By Emily Hoffman
Joe Biden has a $700 billion plan to restore American manufacturing jobs that guarantees a future made in America by American workers. His plan promises to create at least 5 million new high-skill, union-eligible jobs to grow the middle class. Biden intends to accomplish this through a $400 billion procurement investment combined with a push toward more clean energy and infrastructure funding.
If any of this sounds familiar, it’s probably because Biden touted the same job creating boost and “buy American” requirements in the American Recovery and Reinvestment Act (ARRA) stimulus package in February 2009. While empirical studies over time have shown that the costly stimulus package provided some help, we find ourselves in need again just over a decade later. Another classic example of big spending with little results.
More shovel-ready infrastructure spending would only be another temporary fix that relies heavily on already established programs to efficiently disburse funds. Government-directed infrastructure spending goes most often to inefficient projects favored by politicians. How will more of the same encourage innovation and foster growth in manufacturing? One of the biggest problems facing the manufacturing sector is a skills gap and lack of qualified workers, which remains unaddressed by Biden’s plan.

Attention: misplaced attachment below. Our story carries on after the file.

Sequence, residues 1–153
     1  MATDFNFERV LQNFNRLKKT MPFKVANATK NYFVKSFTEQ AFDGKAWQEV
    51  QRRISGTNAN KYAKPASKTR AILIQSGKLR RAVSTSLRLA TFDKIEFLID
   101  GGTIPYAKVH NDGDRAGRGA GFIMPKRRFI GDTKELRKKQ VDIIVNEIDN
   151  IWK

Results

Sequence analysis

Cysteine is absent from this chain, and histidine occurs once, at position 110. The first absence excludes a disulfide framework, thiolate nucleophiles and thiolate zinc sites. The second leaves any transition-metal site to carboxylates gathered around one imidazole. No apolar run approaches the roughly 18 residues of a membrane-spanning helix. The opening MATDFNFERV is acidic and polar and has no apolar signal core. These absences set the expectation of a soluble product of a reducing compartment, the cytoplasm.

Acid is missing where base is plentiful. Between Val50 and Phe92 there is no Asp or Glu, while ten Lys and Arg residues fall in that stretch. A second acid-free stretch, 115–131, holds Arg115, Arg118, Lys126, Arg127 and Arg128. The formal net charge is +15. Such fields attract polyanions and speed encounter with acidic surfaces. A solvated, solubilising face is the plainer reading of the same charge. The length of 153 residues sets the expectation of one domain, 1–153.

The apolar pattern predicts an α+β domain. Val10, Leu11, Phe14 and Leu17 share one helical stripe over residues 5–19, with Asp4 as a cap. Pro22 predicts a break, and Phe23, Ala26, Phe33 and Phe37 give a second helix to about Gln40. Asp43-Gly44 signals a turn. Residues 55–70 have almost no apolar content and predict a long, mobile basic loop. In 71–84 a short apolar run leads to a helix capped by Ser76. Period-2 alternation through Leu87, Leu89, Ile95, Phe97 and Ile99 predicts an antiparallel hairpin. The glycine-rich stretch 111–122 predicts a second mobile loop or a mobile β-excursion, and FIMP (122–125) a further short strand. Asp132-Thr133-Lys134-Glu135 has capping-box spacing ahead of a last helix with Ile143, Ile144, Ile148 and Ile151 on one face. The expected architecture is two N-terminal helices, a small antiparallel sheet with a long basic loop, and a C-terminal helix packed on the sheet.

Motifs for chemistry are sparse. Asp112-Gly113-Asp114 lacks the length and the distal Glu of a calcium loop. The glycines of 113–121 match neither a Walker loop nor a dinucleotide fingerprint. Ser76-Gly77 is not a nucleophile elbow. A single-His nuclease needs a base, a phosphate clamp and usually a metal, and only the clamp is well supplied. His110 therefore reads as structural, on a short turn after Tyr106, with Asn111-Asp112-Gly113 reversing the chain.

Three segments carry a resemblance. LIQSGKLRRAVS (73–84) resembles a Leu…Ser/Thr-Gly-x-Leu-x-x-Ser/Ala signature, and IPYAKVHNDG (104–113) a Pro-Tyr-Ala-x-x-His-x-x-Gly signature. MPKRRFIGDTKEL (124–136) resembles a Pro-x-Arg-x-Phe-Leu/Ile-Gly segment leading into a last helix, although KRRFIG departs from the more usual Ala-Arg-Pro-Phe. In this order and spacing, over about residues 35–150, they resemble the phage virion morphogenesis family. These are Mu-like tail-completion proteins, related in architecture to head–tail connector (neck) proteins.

And what about the jobs that will be lost with the elimination of coal and fossil fuel production? How will working-class families with little to nothing saved support themselves during the transition to clean energy? By supporting only green solutions, Biden’s plan overlooks some of our most pressing infrastructure needs around privately built oil and gas pipelines. No one wants to pay extra at the pump when it becomes more expensive and less efficient to transport oil from wells and refineries to consumers.
Furthermore, Biden’s commitment to strengthen worker’s ability to organize by requiring union eligibility and collective bargaining abilities at companies which receive procurement contracts seems like an attempt to prop up labor unions who lost the right to collect fair-share fees from non-members under the 2018 Janus decision.
The new plan, just like the old one, misses the mark when it comes assisting the working-class families Biden claims to care about most. If the Obama era stimulus package was so successful, why the need for a duplication? Working-class American families cannot afford another lengthy and drawn-out recovery.